A bomb is a type of constant-volume calorimeter that measures the heat of combustion of a specific reaction. The fuel is ignited using electrical energy which helps the fuel burn and increases the temperature of the surrounding air. This air on expansion escapes the copper tube which releases the air out of the calorimeter. The copper tube, which is at high temperature, transfers the heat to the water outside this tube, and this temperature difference helps in identifying the calorie content of the fuel.

3. Differential Scanning Calorimeters

The differential scanning calorimeter allows heat to flow into the test sample which is encompassed in a small aluminium capsule. The measurement of heat flow is differential in nature which means the heat flow values are compared to the heat flow into an empty reference capsule.

4. Isothermal Titration Calorimeter

A titration experiment is followed to identify the heat of reaction in the case of an isothermal titration calorimeter. This technique is growing its significance in the biochemistry sector as it facilitates the identification of substrate binding to enzymes. There are other sectors that are utilising this technique such as the pharmaceutical industry.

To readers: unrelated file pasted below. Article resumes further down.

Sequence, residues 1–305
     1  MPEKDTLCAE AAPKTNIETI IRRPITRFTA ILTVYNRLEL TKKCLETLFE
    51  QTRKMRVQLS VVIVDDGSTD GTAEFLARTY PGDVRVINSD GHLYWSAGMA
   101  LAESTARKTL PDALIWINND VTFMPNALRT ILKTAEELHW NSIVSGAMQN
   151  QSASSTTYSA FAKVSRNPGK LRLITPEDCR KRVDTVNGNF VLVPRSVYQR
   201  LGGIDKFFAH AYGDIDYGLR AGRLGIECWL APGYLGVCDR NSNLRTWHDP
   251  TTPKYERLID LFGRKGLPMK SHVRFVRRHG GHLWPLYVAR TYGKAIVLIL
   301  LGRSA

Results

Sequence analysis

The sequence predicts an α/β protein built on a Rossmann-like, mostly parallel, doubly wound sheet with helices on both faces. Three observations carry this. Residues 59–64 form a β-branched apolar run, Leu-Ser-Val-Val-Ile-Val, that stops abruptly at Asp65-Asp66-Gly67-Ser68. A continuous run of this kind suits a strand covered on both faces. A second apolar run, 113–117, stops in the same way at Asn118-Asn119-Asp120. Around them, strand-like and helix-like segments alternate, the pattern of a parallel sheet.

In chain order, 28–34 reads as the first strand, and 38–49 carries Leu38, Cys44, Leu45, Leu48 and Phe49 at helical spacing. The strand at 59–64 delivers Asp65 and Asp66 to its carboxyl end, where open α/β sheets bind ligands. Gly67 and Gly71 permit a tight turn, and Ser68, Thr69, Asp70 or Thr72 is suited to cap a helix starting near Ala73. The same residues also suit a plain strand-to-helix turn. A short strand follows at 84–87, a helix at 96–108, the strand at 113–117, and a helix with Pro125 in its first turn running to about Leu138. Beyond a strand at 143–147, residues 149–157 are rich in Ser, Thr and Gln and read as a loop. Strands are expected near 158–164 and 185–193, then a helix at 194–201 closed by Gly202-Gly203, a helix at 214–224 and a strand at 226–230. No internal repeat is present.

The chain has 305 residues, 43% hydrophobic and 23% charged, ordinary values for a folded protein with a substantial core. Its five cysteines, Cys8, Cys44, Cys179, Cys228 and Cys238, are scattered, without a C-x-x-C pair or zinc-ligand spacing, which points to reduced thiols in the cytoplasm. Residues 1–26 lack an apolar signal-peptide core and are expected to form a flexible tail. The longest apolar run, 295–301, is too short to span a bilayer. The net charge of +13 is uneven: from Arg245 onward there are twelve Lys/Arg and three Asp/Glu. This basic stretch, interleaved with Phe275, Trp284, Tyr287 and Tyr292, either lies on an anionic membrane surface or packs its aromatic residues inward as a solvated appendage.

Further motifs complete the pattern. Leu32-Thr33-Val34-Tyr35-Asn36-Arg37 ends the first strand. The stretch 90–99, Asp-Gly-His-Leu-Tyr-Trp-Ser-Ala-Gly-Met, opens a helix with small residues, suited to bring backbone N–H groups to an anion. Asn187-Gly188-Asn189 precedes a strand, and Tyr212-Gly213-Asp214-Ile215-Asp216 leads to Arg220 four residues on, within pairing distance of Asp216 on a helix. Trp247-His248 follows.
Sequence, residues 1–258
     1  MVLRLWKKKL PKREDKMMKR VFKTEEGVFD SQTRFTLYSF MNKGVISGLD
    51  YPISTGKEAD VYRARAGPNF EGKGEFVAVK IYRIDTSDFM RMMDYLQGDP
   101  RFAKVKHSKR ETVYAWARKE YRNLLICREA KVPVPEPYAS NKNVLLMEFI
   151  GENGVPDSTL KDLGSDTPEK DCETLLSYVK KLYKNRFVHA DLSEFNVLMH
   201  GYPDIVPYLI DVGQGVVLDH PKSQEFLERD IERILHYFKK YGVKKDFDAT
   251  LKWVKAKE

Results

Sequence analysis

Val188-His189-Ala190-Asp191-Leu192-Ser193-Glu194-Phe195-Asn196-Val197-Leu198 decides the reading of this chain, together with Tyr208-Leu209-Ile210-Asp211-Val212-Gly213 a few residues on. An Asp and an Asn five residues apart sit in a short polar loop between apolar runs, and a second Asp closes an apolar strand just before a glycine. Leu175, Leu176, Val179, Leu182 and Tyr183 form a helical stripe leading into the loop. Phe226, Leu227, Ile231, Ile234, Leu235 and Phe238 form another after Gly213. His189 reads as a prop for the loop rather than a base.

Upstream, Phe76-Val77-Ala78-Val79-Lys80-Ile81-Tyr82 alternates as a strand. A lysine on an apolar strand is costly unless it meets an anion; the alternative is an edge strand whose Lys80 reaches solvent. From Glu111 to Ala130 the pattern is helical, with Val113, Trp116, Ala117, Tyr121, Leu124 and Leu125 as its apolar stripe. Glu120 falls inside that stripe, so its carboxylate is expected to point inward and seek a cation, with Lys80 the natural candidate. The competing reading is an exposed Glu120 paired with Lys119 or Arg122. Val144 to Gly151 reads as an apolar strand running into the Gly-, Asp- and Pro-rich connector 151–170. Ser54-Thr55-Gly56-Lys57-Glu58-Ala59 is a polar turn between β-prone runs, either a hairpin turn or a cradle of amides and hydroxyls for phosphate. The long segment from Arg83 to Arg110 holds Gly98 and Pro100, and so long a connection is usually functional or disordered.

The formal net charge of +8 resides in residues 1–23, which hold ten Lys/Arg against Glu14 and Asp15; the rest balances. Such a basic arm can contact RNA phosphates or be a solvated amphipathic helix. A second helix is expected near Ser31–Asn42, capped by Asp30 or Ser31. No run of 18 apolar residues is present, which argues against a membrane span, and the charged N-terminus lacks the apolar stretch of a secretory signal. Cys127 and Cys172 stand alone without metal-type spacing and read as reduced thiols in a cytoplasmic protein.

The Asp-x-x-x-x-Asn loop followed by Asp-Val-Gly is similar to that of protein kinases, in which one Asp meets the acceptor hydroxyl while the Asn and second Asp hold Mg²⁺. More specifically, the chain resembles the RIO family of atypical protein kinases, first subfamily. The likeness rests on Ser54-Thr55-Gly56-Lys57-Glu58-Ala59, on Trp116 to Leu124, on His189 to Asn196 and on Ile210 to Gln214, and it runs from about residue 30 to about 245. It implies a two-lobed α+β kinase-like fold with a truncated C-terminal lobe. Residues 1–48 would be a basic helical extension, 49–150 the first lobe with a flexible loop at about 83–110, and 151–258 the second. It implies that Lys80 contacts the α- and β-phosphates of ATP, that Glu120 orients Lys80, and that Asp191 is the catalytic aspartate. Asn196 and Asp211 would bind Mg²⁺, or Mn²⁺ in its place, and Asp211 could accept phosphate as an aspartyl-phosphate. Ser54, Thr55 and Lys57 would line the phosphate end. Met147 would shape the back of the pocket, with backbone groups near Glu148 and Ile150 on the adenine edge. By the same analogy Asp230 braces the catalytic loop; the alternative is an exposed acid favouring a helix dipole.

Applications of Calorimeters

Calorimeters play a vital role in everyday life. The uses of calorimeters are used to control the metabolic rates of the human body and simultaneously maintain the temperature of the body. As the calorimeter is used to measure the heat of a reaction, it is a crucial part of thermodynamics.

There are various uses of calorimeters in thermodynamic applications in thermal industries and the most common types of calorimeters used in everyday life are bomb calorimeter and coffee-cup calorimeter. 

  1. The heat generated by the sensors in reactors is measured using a reaction calorimeter.

  2. Enthalpy change can also be measured using a constant-pressure calorimeter.

  3. Runtime reaction can be measured or assessed using the adiabatic calorimeter.